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Amazon Drags Authors, Readers and George Orwell Into Its Fight With Hachette

Amazon appeals directly to authors and readers to take its side in its e-book pricing dispute.

In an apparent pre-emptive strike, Amazon is appealing to readers and authors to take its side in an increasingly acrimonious pricing dispute with book publisher Hachette.

The giant bookseller posted an appeal on its Readers United site in which it laid out its case for dropping the price for electronic books and urged customers to contact Hachette Book Group Chief Executive Michael Pietsch (whose email Amazon provides) and lobby him to end “your illegal collusion” and stop “working so hard to overcharge for ebooks.” It even sought to use “1984” author George Orwell — in an apparent contortion of the novelist’s own words — to make its case about publishers resisting change.

It made a similar pitch to authors, including Facebook executive Sriram Krishnan, who tweeted out the text of his email from Amazon last night.

The retail giant apparently is seeking to defuse the impact of a full-page ad that will appear in the New York Times on Sunday signed by 900-plus authors. In the open letter, a group known as Authors United calls on Amazon to settle its dispute with Hachette and asks readers to send email messages to Amazon CEO Jeff Bezos at his Amazon email address, which is printed in the letter.

The world’s largest bookstore and the giant publisher have been locked in the dispute since May.

Over the course of negotiations, Amazon stopped accepting pre-orders of Hachette books and slowed mail delivery, as the retailer sought to reduce the digital copy price to $9.99 from $14.99. Rival Apple made hay from this feud, prominently promoting upcoming books from Hachette authors James Patterson and J.K. Rowling.

In its pitch to consumers and authors, Amazon sought to draw parallels in its current dispute with Hachette to the publishing world’s resistance to an earlier “radical innovation” — the paperback. Publishers aligned against the new format, which would be sold for 25 cents, or a tenth of the price of a hardcover book, deeming it a threat to literature as well as their own profits.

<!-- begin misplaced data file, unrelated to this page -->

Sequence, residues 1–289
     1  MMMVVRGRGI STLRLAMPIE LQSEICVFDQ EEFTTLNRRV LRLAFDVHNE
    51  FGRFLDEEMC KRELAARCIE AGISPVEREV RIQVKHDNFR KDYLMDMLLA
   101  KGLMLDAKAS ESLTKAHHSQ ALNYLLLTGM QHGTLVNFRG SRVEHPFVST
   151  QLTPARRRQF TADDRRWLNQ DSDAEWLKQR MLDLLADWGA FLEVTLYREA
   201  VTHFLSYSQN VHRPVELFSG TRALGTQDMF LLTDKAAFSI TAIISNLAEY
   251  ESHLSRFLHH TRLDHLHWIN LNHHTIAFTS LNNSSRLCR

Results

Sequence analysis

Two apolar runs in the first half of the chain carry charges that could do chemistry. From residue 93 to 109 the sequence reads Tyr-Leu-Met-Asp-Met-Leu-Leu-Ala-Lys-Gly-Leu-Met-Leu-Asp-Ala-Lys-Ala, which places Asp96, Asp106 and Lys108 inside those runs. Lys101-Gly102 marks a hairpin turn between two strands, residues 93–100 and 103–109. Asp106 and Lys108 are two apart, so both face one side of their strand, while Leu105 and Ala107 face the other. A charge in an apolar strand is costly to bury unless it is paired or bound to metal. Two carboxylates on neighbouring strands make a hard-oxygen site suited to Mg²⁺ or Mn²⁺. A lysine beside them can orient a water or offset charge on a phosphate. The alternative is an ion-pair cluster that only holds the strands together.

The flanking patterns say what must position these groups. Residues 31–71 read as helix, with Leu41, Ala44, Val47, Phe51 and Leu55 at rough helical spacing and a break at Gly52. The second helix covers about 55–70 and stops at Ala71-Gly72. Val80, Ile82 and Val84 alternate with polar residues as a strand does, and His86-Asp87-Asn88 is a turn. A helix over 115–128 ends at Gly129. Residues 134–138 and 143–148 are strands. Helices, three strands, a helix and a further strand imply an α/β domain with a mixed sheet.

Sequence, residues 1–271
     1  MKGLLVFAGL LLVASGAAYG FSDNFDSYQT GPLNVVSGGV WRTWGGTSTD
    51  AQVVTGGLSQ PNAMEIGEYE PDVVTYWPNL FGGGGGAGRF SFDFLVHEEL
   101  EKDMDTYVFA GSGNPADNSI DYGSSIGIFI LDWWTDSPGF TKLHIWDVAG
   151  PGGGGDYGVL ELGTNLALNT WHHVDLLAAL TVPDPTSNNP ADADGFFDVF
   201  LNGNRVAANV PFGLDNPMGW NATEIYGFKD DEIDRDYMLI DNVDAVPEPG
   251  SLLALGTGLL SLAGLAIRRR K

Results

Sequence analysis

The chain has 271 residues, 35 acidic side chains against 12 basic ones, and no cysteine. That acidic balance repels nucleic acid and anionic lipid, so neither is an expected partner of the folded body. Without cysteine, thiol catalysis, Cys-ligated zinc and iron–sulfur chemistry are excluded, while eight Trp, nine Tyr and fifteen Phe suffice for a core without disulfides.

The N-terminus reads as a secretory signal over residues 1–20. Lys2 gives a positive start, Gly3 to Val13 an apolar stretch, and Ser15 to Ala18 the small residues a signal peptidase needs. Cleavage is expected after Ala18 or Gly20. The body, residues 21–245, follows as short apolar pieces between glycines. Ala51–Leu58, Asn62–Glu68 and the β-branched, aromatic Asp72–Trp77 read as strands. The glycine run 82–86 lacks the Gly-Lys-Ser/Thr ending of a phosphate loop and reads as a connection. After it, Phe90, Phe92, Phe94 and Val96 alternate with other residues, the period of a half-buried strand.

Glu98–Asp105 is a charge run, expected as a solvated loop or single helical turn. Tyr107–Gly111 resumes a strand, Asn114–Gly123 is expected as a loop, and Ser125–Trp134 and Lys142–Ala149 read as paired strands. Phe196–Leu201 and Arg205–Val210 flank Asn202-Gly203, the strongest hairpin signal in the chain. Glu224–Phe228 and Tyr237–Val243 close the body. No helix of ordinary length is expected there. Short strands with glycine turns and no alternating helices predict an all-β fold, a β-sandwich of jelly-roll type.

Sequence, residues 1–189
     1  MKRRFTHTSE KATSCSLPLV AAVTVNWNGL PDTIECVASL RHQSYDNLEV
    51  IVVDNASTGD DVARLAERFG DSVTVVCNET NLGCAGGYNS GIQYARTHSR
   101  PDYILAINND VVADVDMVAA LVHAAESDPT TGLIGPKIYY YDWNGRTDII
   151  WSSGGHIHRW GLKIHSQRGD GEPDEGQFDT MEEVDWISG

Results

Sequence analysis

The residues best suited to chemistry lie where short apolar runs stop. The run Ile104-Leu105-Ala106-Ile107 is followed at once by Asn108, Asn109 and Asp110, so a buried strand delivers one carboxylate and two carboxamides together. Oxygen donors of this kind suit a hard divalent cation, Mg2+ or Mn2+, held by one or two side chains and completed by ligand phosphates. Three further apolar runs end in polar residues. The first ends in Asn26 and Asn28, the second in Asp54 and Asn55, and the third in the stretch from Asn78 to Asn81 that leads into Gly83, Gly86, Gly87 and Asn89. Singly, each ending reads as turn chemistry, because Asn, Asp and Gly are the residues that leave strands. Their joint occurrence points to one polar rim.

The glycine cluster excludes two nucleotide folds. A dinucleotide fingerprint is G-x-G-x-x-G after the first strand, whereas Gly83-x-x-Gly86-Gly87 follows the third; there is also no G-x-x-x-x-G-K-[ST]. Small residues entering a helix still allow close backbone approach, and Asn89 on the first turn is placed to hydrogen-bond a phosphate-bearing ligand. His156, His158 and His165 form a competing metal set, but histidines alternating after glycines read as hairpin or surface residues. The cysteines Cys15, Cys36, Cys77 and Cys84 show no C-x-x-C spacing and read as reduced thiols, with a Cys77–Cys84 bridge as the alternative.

Amazon cited, as an illustration of the industry’s resistance to change, a quote from Orwell.

“The famous author George Orwell came out publicly and said about the new paperback format, if “publishers had any sense, they would combine against them and suppress them.’ Yes, George Orwell was suggesting collusion,” Amazon wrote. “Fast forward to today, and it’s the e-book’s turn to be opposed by the literary establishment.”

The New York Times notes that the novelist was misinterpreted.

The complete text of the novelist’s remarks, published in 1935, reveal a tongue-in-cheek celebration of the paperback novel, at least from the reader’s standpoint. “Penguin books are splendid value for sixpence, so splendid that if the other publishers had any sense, they would combine against them and suppress them,” Orwell said.

But speaking to the broader implications for the industry, he said, “It is of course a great mistake to imagine that cheap books are good for the book trade. Actually it is just the other way about. … The cheaper books become, the less money is spent on books.

Lowering book prices “is an advantage from the reader’s point of view and doesn’t hurt trade as a whole,” he went on, “but for the publisher, the compositor, the author and the bookseller, it is a disaster.”

Here’s the text of Amazon’s appeal:

A Message from the Amazon Books Team

Dear Readers,

Just ahead of World War II, there was a radical invention that shook the foundations of book publishing. It was the paperback book. This was a time when movie tickets cost 10 or 20 cents, and books cost $2.50. The new paperback cost 25 cents — it was ten times cheaper. Readers loved the paperback and millions of copies were sold in just the first year.

With it being so inexpensive and with so many more people able to afford to buy and read books, you would think the literary establishment of the day would have celebrated the invention of the paperback, yes? Nope. Instead, they dug in and circled the wagons. They believed low cost paperbacks would destroy literary culture and harm the industry (not to mention their own bank accounts). Many bookstores refused to stock them, and the early paperback publishers had to use unconventional methods of distribution — places like newsstands and drugstores. The famous author George Orwell came out publicly and said about the new paperback format, if “publishers had any sense, they would combine against them and suppress them.” Yes, George Orwell was suggesting collusion.

Well … history doesn’t repeat itself, but it does rhyme.